Social, Emotional, and Academic Development

Use collaboration and communication.

Students should recognize situations for which collaboration is an effective strategy, identify the features of collaborative work groups, and develop strategies for overcoming group work challenges. They should work collaboratively with students from various cultural and ethnic backgrounds while examining alternate points of view, accepting constructive criticism and revising personal views when evidence warrants.

Utilize resources to overcome obstacles.

Students should engage in productive academic behaviors, including recognizing when help is needed with a task, and developing and applying a variety of strategies and sources for seeking help; monitoring and adjusting attitudes, emotions, and thoughts when facing challenging tasks or academic setbacks; and seeking and using feedback to improve performance.

Recognize and improve individual behaviors.

Students should maintain motivation and persistence through a variety of strategies, including identifying and adjusting habits and beliefs that have interfered with success; applying metacognitive awareness to plan, monitor, evaluate, and reflect on their learning; and setting and monitoring goals.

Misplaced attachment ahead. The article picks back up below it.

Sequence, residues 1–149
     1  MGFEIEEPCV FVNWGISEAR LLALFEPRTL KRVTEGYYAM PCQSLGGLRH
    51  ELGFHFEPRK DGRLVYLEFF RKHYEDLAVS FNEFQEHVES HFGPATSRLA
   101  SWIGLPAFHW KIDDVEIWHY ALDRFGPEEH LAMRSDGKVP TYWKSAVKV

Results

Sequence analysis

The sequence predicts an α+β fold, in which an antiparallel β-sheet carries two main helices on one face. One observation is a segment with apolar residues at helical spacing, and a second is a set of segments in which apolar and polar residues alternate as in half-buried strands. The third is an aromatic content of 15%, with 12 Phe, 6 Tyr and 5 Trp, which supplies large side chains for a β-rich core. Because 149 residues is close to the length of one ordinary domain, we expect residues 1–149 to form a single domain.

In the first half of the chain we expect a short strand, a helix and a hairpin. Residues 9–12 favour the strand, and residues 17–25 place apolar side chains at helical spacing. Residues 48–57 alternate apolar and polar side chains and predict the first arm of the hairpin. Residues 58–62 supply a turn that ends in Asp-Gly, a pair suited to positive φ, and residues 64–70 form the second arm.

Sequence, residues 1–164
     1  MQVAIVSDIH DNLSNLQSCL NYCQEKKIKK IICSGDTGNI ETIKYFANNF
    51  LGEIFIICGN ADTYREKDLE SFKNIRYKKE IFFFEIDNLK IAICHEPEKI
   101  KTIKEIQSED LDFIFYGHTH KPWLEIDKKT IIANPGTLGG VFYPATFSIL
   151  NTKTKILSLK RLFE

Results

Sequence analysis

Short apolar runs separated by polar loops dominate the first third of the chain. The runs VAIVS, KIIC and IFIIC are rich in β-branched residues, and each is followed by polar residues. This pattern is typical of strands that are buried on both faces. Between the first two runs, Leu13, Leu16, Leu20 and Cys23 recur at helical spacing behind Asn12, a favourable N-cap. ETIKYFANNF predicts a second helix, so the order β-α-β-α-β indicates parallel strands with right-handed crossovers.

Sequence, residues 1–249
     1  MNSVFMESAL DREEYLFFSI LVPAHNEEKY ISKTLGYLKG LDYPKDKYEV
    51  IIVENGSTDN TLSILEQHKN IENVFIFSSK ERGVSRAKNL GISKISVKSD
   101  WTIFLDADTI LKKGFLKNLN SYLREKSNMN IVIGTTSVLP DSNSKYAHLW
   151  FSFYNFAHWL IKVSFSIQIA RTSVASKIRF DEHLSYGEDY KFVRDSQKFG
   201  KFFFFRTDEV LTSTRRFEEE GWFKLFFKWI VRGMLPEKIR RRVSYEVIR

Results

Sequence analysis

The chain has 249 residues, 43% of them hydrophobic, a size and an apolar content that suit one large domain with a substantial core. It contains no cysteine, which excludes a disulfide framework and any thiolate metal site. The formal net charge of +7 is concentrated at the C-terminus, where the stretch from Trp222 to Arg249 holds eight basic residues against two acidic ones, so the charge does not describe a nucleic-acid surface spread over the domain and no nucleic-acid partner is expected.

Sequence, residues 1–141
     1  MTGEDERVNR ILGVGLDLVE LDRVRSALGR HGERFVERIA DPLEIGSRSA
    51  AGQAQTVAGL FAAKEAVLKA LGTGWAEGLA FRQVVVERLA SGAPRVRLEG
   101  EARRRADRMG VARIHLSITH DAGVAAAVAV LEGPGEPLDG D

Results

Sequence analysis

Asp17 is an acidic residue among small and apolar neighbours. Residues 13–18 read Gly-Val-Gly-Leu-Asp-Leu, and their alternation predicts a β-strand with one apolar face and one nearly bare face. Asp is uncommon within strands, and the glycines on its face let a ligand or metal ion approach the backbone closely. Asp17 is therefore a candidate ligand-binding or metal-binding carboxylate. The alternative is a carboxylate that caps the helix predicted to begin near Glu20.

Content Outcomes

Understand the role of data in the world.

Students need to demonstrate an understanding of data and the many different types of data that exist, including nontraditional data types such as photos, text, and sounds. They should understand the ways in which data are generated and collected, recognizing that primary data are collected directly by researchers from main sources while secondary data have already been collected and are readily available for use. It is crucial that students recognize the extent of their digital footprint and that it is based on the data created by their digital lives, while also considering issues surrounding data privacy and the ethical use of data. Examples of proficiency include the ability to distinguish between different types of data and between primary and secondary data; represent, summarize, and interpret data; recognize trends in data; and reflect on implications of data privacy and data use policies.